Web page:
3645 Highway 18 (Great River Road) •- Vacherie, Louisiana USA 70090
Phone: (225) 265-2151 or 1-800-44ALLEY •Fax: (225) 265-7035
E-mail: ContactUs@OakAlleyPlantation.com

Official Web Site www.oakalleyplantation.com

Nottoway Plantation Home
Nottoway Plantation is a great bed & breakfast, and its grand white ballroom is a favorite for weddings. At the edge of sugar cane fields, Nottoway stands overlooking the Mississippi River. This enormous mansion, completed in 1859, reflects an unusual combination. Greek revival architectural elements blend with innovations that were the fanciful desires of the original owner. Not only is the floor plan irregular, but the house contained many elements that were innovative and rare in the mid-19th century, such as indoor plumbing and hot and cold running water.


Today Nottoway is open daily to the public.
Take a guided tour, stay overnight, have dinner,
perhaps even get married in this magnificent plantation!

Official Web Site www.nottoway.com

Beauregard House at Chalmette Battlefield
Site of the Battle of New Orleans in 1814–1815, (the last battle of the War of 1812), the Civil War Chalmette National Cemetery, and Beauregard House.

Also located on the Chalmette Battlefield grounds, and serving as a museum and visitor center, is the Beauregard House. Beauregard House was never used as a plantation, and was built in 1830. It is named for René Beauregard, its last owner, the son of the Civil War Confederate General, P. G. T. Beauregard (whose monument is at the entrance to City Park, at the north end of Esplanade Avenue). While many visitors arrive by automobile, many also arrive by riverboat, the Chalmette Battlefield being part of the tour.

Destrehan Plantation

Destrehan Plantation was built in 1787, originally of West Indies architecture, but later renovated to the then popular Greek Revival Style. It is the oldest documented plantation house left intact in the lower Mississippi Valley.

The plantation bears the name of its builder, Jean Noel Destrehan, who acquired the estate from his father-in-law, Robin de Longy. It was here that the process of producing granulated sugar was perfected, and helped to establish sugar cane as the major crop of the area, replacing indigo. After years of neglect, restoration is now continuing. Today, the house is open for guided tours, and is available for dinner parties, wedding receptions and special events.

Destrehan Plantation
13034 River Road
Destrehan, Louisiana 70047

Phone: (985) 764-9315 (Local from New Orleans)
Fax: (985) 725-1929 E-mail: DestPlan@aol.com


Ormond Plantations
Two historic Antebellum Plantation Homes within 30 minutes of New Orleans are Destrehan and Ormond Plantations.

Claiming to be the oldest French West Indies style plantation in the lower Mississippi valley, Ormond was also built in the late 1700's. Like most of the early plantations of the area, it began as a farm for indigo, but later switched to the more profitable sugar cane crop.


Originally acquired as a French land grant, the plantation stretched from the Mississippi River to Lake Pontchartrain. During its long history, it was the focal point for parties and celebrations, a prize to be captured during the Civil War, makeshift housing for troops heading to the Battle of New Orleans, and more.

Today the estate is but a mere 16 acres, but is restored, as closely as possible, to the way it was during its prime. It is privately owned, and the owner lives in the house. Several rooms are available to guests as a Bed and Breakfast, allowing visitors to savor the atmosphere of the 19th century, with a view of the mighty Mississippi River from the upper gallery. It is becoming quite a popular place to have weddings and honeymoons. For added intrigue, Ormond, also, has its own ghost story. Listed on the National Register of Historic Places, Circa 1787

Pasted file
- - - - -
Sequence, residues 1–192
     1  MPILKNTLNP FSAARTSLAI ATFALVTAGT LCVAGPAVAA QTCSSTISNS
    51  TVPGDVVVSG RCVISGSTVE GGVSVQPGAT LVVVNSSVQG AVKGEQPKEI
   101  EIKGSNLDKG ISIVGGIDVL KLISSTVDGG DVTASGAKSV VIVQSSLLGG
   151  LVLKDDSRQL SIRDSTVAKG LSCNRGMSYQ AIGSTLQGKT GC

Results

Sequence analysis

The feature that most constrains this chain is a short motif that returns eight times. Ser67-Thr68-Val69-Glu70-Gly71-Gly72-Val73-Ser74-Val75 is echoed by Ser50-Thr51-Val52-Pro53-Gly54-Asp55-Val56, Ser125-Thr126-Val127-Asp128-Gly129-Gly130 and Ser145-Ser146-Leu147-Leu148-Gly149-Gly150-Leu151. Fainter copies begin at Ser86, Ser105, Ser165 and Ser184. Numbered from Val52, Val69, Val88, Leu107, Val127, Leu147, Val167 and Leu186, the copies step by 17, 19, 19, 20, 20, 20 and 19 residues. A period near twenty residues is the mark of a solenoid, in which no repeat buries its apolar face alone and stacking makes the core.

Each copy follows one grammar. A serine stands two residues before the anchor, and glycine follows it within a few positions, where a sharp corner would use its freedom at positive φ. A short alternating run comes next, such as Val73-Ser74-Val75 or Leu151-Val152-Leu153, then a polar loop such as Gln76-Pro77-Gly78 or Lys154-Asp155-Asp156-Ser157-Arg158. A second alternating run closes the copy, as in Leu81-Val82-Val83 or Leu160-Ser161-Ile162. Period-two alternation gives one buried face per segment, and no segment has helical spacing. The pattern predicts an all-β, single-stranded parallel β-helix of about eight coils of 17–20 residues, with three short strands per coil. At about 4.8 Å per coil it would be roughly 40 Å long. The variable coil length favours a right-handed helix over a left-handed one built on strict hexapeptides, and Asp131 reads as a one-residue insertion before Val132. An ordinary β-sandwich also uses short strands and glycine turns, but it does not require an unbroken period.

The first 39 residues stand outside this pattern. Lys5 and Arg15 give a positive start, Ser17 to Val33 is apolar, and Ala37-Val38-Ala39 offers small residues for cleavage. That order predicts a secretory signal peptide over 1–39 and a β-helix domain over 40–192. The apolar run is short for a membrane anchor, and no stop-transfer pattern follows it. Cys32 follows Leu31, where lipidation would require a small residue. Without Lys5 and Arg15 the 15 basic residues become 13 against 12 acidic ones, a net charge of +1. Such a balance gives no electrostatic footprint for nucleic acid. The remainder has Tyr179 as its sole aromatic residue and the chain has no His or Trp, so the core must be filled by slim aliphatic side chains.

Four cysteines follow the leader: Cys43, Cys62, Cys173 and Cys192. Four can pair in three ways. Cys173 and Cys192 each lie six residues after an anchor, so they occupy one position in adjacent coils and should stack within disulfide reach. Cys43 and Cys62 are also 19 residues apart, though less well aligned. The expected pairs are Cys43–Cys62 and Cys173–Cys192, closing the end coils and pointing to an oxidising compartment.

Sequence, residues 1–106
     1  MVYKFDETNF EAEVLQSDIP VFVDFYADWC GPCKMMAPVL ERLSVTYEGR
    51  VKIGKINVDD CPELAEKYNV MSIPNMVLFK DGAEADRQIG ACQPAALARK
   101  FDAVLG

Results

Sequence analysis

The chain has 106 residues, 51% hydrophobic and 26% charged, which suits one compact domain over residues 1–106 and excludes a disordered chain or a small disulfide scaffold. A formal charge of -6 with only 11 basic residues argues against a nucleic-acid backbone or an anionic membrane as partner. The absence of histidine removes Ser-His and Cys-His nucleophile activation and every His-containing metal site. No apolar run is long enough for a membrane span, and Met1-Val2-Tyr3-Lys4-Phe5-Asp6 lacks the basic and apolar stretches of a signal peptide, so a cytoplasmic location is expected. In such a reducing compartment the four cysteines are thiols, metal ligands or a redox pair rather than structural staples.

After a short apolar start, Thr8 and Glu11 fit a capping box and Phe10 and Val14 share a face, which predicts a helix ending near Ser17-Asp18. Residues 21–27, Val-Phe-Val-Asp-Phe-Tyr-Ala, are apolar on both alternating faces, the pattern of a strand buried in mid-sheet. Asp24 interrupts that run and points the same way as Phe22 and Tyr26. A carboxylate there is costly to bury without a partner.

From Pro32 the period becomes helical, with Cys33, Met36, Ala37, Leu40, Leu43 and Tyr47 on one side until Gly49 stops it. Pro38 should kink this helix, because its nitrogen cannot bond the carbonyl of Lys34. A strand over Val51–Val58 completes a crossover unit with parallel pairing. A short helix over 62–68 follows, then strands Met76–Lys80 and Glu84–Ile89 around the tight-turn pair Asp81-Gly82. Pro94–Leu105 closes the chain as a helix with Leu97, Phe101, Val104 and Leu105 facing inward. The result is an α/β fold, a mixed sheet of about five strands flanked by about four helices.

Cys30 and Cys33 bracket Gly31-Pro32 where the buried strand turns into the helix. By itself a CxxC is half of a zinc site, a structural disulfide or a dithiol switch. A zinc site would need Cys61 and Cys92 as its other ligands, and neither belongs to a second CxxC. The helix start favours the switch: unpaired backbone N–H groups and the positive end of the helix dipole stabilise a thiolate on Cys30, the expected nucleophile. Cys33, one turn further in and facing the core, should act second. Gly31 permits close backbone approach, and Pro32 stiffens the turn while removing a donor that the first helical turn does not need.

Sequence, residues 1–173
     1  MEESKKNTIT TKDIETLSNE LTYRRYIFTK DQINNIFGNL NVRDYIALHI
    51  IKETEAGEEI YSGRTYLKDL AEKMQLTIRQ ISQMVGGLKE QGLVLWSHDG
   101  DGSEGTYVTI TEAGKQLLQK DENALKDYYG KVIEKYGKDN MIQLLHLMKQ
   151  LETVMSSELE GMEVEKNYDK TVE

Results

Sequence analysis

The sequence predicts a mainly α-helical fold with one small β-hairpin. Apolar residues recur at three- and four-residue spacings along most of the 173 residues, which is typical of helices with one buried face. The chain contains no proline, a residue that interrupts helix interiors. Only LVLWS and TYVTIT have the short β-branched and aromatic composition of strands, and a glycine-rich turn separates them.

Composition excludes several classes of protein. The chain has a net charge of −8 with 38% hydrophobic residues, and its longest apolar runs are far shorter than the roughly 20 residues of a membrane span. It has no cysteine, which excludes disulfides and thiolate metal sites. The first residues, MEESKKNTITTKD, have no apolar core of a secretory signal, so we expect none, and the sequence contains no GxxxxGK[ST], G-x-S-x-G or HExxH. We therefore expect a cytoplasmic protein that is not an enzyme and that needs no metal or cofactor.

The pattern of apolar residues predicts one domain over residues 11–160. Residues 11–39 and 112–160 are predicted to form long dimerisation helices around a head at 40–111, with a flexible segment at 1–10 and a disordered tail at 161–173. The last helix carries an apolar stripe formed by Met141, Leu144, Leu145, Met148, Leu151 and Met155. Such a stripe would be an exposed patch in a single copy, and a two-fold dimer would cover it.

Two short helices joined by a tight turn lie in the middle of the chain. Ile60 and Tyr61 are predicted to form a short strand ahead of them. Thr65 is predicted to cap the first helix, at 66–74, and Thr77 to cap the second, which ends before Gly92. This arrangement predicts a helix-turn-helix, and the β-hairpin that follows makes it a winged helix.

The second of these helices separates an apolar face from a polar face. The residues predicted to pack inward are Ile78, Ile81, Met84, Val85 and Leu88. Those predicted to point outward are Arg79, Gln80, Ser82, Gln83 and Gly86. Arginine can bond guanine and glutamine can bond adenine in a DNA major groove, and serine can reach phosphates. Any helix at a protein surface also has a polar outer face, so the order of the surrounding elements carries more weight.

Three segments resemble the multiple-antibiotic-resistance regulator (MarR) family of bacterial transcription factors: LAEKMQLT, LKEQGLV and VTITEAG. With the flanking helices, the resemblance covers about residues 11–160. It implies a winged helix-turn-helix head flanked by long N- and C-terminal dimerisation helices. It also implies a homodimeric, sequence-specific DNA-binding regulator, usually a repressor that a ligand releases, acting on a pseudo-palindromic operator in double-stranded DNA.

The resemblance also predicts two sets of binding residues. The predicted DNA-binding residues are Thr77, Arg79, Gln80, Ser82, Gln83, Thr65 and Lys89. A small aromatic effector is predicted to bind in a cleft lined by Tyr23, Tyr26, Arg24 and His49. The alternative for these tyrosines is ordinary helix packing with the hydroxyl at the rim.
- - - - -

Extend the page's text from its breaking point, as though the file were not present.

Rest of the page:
13786 River Road, Destrehan, Louisiana 70047
Phone 985-764-8544 | Fax 985-764-0691 or info@plantation.com

www.plantation.com

Laura Plantation Home
Laura, a French Creole Plantation Home, claims to be the American Home of Br'er Rabbit. Despite a devastating fire on August 9, 2004, Laura Plantation has continued to offer visitors
what Lonely Planet calls "The Best History Tour in the U.S."
The morning following the fire, guests continued to come. And they still do.

Laura Plantation
2247 Hwy 18
Vacherie, LA 70090

tel: 225 265 7690 / fax: 225 265 7960
info@lauraplantation.com

 

/www.lauraplantation.com

La Branche Plantation Dependency House
La Branche Plantation Dependency House on the River Road in St. Rose, LA is what we call a Garconniere.

La Branche Plantation Dependency House, on the River Road in St. Rose, LA, is an interesting stop on the Southeastern Louisiana Plantation tour, because it is a visit to a plantation home that no longer exists. All that remains is the Dependency House, which had a function that is pretty much what the name implies. It is what we usually call a Garconniere (French for bachelor quarters). La Branche is now listed on the National Register of Historic Places.

The Zweig family, of Germany, built the plantation in 1792. Because of neglect, the effects of the Civil War, the economics during and after Reconstruction, and the division of the property among heirs, there is little left to indicate what was once there, save for "an alley" of Oaks. The site of the main house is on private land, and is not accessible to anyone, without the permission of the owners. The Dependency House is on land currently owned by the Lentini family, and is open to the public. Included in the inventory is the actual bathtub of Zachery Taylor.

www.labrancheplantation.com

Houmas House Plantation
One of the most visited Antebellum Plantation Homes near New Orleans. It was used as the filming location for the film "Hush, Hush, Sweet Charolette," starring Bette Davis.

Not only do tourists come by the busloads, but locals may make the drive to spend a couple of hours on the grounds, followed by lunch in nearby restaurants, before returning home. Houmas is a home with the architectural style that most people envision when they think of the old plantations. It was used as the filming location for the film "Hush, Hush, Sweet Charolette," starring Bette Davis.

Located in the small river community of Darrow, LA, it sits on a few acres on the Mississippi River, much smaller than the 20,000 acres that it once had. The present Houmas House was built in 1840 by Col. John Smith Preston, on land originally owned by the Houmas Indians, hence the name.

www.houmashouse.com